4.) The 2007-2008 Kansas Jayhawks


    This Kansas team had the most unstoppable offense in the entire country, blowing out their first four opponents by a combined score of 214-23. On November 3rd, 2007 Kansas took on longtime rival Nebraska and whooped them up and down the field to a final score of 76-39. This marked only the second Kansas victory over Nebraska in their previous 39 meetings, with their first half point toal of 48 becoming the most points given up by the Cornhuskers in the first half in their history. Kansas reached their highest national ranking ever at #2 when their 11-0 team was matched up against the #4 ranked Missouri Tigers led by Heisman Trophy hopeful Chase Daniel. The Jayhawks fell 36-28 to the Tigers, who were moved up to the #1 ranking following their victory. The Jayhawks fell to #8 in the rankings and played #5 Virginia Tech in the 2008 Orange Bowl, beating the Hokies 24-21.

    This team was the most exciting and most explosive football team all year but because they fell to a powerful Missouri team they were not in contention for the national championship. There were six 2-loss teams who finished ahead of the Jayhawks in the final rankings, including Missouri who lost their next game after squeaking by Kansas. 

    3.). The 2006-2007 Boise St. Broncos


    This Bronco team was one of only two college football teams that finished the season averaging more than 200 yards rushing and passing yards per game for the season. Boise St. started the season unranked and virtually unknown to the nation before climbing steadily into the rankings, peaking at #8 at the end of the year. The Broncos finished undefeated but was ranked 8th in the BCS standings because they play in the WAC, a non-BCS conference. There were two 2-loss teams ranked ahead of Boise St. The only other undefeated team in Div-1 college football was Ohio State, who was killed by one-loss Florida in the championship game 41-14.

    The Broncos defeated the Oklahoma Sooners in the Fiesta Bowl that season, which has since become one of the greatest football games of all time. Boise St. executed the one of the most difficult football plays ever designed – The Statue of Liberty – to win the game in overtime.

    2.) The 2008-2009 Utah Utes


     This Utes team was not flashy. However, they were a very efficient all-around football team that finished its season undefeated. They held teams to just over 17 points per game while scoring over 36 themselves. Opponents were held to less than 100 rushing yards per game against them and the Utes only gave up 10 rushing touchdowns all season. What made this team so unstoppable was their red-zone offense. Utah had 56 possessions in the red-zone scoring on all but 5 of them, 40 of which went for touchdowns.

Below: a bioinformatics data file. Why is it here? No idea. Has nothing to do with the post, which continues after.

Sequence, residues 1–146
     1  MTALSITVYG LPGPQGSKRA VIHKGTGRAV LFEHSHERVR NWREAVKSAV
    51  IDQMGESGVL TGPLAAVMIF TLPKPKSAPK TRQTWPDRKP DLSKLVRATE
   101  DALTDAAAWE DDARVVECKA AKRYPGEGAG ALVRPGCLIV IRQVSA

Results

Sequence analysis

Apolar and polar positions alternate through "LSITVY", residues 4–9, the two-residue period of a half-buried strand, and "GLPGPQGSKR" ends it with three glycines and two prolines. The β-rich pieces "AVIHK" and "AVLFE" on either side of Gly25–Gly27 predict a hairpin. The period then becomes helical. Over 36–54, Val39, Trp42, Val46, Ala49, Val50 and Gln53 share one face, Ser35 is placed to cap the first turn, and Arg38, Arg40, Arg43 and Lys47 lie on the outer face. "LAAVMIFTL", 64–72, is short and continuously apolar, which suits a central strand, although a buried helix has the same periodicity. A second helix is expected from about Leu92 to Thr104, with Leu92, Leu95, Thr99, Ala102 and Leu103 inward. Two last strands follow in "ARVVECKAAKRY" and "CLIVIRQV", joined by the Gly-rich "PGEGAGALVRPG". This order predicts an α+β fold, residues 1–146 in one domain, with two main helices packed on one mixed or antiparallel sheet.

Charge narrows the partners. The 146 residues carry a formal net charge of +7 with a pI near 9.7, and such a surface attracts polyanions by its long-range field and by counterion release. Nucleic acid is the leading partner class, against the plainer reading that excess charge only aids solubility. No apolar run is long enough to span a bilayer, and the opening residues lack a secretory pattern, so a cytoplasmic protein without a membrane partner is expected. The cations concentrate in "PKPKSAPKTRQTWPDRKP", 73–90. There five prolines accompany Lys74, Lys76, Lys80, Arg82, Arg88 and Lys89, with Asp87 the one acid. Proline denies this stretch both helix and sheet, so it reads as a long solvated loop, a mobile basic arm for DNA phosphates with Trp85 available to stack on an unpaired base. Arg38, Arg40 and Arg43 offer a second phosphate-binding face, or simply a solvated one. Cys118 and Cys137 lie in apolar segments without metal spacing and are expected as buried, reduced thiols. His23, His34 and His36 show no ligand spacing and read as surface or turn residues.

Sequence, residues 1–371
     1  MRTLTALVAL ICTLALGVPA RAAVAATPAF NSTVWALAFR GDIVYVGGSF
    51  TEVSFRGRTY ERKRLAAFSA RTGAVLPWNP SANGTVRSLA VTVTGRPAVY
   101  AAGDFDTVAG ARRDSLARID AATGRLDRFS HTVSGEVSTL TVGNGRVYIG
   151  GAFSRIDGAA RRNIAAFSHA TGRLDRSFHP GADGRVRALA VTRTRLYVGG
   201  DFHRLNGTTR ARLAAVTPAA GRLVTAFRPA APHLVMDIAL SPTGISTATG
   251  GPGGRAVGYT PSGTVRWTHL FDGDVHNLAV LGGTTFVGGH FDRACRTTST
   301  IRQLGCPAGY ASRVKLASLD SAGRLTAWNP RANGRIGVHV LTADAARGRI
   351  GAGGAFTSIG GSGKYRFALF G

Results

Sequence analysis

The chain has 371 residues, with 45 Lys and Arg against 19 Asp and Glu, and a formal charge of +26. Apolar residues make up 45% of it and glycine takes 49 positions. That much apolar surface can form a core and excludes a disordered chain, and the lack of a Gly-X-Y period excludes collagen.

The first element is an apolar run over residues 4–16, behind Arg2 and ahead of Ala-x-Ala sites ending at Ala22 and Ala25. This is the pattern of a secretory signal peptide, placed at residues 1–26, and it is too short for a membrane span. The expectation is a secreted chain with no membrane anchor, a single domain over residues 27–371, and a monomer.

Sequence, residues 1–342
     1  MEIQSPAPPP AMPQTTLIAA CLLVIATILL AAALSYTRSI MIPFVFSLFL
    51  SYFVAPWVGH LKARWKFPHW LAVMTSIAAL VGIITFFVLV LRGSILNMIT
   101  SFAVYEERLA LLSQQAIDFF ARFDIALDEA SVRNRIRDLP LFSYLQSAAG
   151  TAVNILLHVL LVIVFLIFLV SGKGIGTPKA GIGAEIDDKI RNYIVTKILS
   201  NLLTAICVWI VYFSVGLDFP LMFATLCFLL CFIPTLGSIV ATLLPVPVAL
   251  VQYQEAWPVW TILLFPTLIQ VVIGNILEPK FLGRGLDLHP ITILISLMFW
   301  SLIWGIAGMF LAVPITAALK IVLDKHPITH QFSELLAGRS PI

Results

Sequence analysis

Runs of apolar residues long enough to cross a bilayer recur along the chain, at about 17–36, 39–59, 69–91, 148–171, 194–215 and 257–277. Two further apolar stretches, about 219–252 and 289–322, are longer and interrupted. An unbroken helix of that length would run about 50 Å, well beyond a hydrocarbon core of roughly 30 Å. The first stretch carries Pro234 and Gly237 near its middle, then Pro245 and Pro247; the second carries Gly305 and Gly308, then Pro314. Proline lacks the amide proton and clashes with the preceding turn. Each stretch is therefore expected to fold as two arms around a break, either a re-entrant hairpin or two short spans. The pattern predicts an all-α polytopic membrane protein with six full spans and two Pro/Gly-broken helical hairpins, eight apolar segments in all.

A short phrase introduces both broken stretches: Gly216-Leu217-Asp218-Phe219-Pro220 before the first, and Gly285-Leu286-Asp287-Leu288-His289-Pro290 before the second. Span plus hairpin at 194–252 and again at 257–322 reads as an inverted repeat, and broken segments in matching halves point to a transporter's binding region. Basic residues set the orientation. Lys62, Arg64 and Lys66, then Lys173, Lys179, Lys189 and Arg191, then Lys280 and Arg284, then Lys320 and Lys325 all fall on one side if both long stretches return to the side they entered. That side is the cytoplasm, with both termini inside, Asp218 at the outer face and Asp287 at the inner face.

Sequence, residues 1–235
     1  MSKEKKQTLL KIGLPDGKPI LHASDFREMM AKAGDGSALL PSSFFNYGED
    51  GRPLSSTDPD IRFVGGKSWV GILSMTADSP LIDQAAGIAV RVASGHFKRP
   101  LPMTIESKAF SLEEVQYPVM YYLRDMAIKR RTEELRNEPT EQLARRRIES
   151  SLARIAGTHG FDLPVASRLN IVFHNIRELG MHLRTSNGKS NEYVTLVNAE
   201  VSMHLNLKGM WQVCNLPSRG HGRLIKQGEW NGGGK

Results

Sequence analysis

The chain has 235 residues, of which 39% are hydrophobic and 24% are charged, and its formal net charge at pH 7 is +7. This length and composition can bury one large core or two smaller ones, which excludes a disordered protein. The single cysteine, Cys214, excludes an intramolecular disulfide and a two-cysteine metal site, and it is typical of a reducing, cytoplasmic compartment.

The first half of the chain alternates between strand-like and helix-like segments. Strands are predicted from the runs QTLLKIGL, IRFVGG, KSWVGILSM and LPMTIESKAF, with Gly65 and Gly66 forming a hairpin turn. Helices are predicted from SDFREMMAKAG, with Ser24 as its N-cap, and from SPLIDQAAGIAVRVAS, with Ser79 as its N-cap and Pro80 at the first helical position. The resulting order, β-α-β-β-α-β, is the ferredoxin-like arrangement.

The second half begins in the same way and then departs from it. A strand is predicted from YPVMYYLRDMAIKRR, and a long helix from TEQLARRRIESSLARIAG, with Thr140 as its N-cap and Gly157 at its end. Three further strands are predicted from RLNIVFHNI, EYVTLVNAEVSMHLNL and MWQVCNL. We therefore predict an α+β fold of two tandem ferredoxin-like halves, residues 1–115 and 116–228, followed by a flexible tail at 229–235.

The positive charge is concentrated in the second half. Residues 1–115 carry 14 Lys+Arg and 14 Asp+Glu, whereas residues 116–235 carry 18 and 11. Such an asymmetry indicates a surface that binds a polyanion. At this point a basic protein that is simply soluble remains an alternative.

Although they finished their season undefeated, they were never ranked higher than #6. The fact that they played in non-BCS Mountain West Conference is a weak argument this time because their conference finished the regular season with three teams in the top 20. The MWC went 6-1 against the high and mighty Pac-10 this season as well, USC fans.

    The Utah Utes went to the Sugar Bowl to play against the Alabama Crimson Tide, who were ranked #1 five straight weeks in the BCS standings until falling to #2 Florida at the end of the season. The Crimson Tide were regarded as the best defensive team and best all-around team for much of the year, but the Utes poured 21 points on them in the first quarter and never looked back. Utah won the Sugar Bowl 31-17, cementing the suspicion that a non-BCS conference team will never play for a national title under the BCS, even if it is a more deserving program

    1.) The 2004-2005 Auburn Tigers


    In 2004 five teams finished their regular seasons undefeated. Sorry, Utah and Boise St. fans. Your undefeated teams this year were good, but playing in the Mountain West Conference or the Western Athletic Conference gives you little argument for a BCSChampionship berth. Despite the unfair way in which Boise St. and Utah were forced to end their incredible season, what was to do about the three schools that DID finish undefeated in BCS conferences? USC of the Pac-10, Oklahoma of the Big-12, and Auburn of the SEC, all deserved to play for the national championship. These teams had been ranked 1, 2, 3, respectfully, since mid-October in the BCS standings without any change in their order.

    This Tigers team was one of the best teams ever assembled in college football history. Three starters were drafted in the top 10 of the 2005 NFL Draft: RB Ronnie Brown, RB Carnell Williams, and DB Carlos Rodgers, with QB Jason Campbell being selected 25th overall. Auburn’s dual running back attack was the best ever seen with Ronnie Brown amounting 913 yards and 8 touchdowns and Carnell Williams running for 1165 yards and 12 scores.

    At the end of the regular season, Auburn was still ranked third, trailing number one USC by less than .04 in “BCS Average”. That .04 cost the Auburn Tigers a chance to play for the championship.


    There are countless other teams that have a legitimate gripe against the BCS system. If and when a playoff tournament is designed and implemented, this trophy may actually mean something.


    A. Martin